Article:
If summer camp is on your radar and your child has (sniff) outgrown those early, clingy years, you may be contemplating sleepaway camp. But how do you know whether your child is ready?
We asked some camp experts.
“Typically children younger than 8 are not ready,” says Gordie Kaplan, executive director for American Camp Association, Illinois. “Eight, 9, 10 is the usual starting age.”
Your child should be comfortable with, and look forward to, overnight stays at friends’ and relatives’ houses. “Can they make it through the night without calling you to pick them up?” Kaplan asks.
Whose idea was it? Kaplan says if your child requests sleep-away camp — perhaps because a sibling or friends are going — that’s a good sign. If you’re trying to persuade him or her to go, it might be too soon.
Does the sleep-away camp offer activities your child is interested in?
“Focus on your child’s interests and whether the camp will fulfill them,” says Bill Endres, chief operations officer of Kiddie Academy, a national camp and child care center provider. “Contact camps and ask them for materials about their programs, attend camp fairs to speak to camp representatives in person, and look at camps’ Web sites to show your child pictures of the children and activities that are offered.”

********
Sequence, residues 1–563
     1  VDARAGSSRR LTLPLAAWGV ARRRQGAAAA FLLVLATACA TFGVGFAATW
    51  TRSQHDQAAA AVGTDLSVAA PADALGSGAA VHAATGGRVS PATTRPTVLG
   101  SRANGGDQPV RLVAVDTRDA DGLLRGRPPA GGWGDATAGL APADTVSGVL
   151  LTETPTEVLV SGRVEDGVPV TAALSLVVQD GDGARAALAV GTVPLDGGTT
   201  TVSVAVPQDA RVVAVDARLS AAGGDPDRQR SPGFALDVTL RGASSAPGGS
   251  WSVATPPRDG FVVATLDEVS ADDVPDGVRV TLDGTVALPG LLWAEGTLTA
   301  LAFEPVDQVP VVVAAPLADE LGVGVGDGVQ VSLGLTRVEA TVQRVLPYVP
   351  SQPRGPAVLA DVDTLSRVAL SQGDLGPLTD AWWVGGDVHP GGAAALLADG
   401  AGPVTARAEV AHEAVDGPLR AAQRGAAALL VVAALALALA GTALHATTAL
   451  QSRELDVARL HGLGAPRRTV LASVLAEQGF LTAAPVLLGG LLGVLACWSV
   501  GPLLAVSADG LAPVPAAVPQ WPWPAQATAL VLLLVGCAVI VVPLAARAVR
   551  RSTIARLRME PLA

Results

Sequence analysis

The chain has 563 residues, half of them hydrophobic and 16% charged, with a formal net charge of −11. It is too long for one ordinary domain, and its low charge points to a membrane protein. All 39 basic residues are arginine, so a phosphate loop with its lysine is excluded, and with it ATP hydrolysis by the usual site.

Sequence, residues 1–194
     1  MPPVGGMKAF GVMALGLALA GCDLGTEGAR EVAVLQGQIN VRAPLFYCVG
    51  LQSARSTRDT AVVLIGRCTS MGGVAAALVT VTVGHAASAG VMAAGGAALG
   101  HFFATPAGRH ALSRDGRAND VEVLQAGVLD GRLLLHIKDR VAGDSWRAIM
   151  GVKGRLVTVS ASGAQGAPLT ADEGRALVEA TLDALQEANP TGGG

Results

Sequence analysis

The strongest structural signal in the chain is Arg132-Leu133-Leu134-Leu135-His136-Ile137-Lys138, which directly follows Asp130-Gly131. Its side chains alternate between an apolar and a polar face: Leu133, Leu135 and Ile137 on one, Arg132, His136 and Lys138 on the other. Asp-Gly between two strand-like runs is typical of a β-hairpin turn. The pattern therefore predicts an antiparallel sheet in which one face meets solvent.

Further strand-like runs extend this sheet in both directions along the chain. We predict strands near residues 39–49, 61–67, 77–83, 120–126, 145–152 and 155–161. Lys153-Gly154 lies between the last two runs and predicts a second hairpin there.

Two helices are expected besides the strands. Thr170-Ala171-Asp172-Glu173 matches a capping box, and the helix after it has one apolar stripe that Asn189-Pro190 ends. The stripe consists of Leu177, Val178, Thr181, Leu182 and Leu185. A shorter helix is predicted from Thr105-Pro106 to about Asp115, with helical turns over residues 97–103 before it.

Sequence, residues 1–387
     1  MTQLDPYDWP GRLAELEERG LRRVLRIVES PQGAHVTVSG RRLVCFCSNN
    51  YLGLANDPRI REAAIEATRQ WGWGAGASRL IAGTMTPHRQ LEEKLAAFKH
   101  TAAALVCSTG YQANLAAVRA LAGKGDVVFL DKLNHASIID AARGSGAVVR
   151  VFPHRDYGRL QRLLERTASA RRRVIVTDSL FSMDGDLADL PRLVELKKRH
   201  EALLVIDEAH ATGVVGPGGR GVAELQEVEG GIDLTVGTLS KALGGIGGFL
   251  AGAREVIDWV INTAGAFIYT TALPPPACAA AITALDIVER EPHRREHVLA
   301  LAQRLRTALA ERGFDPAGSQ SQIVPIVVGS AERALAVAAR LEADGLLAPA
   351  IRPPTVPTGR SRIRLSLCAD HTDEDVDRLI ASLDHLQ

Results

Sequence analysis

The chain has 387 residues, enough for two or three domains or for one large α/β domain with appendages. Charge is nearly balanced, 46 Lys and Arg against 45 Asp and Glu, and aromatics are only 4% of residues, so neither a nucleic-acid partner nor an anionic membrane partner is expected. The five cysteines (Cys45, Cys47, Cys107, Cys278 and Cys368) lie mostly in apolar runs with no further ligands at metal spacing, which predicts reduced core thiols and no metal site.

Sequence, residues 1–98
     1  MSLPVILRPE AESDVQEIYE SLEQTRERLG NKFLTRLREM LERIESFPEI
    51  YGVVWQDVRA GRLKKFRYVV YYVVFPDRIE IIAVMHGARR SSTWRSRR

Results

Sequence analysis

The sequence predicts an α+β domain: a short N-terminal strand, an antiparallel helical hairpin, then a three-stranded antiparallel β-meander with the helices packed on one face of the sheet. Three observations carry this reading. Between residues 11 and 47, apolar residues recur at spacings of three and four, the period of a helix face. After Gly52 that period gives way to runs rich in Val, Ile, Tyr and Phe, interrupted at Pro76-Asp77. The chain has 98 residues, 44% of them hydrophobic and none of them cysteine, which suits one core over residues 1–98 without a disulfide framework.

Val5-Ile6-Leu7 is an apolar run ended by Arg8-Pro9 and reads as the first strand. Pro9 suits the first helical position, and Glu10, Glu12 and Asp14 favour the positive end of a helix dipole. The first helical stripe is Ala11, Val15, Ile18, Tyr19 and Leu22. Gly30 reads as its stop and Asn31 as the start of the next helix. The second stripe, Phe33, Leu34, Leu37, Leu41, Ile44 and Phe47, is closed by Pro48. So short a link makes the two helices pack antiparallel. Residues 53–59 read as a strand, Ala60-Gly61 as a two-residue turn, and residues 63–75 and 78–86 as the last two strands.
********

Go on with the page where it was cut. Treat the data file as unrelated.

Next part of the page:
For the first sleep-away experience, Endres says, it’s probably wise to find a camp that’s smaller, close to home and allows your child to communicate with you at some point via phone, e-mail or in person. “Make sure the camp encourages the level of communication for your family’s comfort level,” he says.
But think twice about sending a cell phone, Kaplan urges, especially if the camp prohibits them. “Now instead of relating to each other and having fun together, the kids are waiting in line to see who can use the one cell phone,” Kaplan says. “When a camp says no cell phone, no Game Boys, no iPods — you’re here to have a different experience than you can have at home—you don’t need a cell phone.”
Finally, ask yourself whether you’re ready to send your child away. “If the parent is really anxious, that’s going to be communicated to the child,” says Kaplan.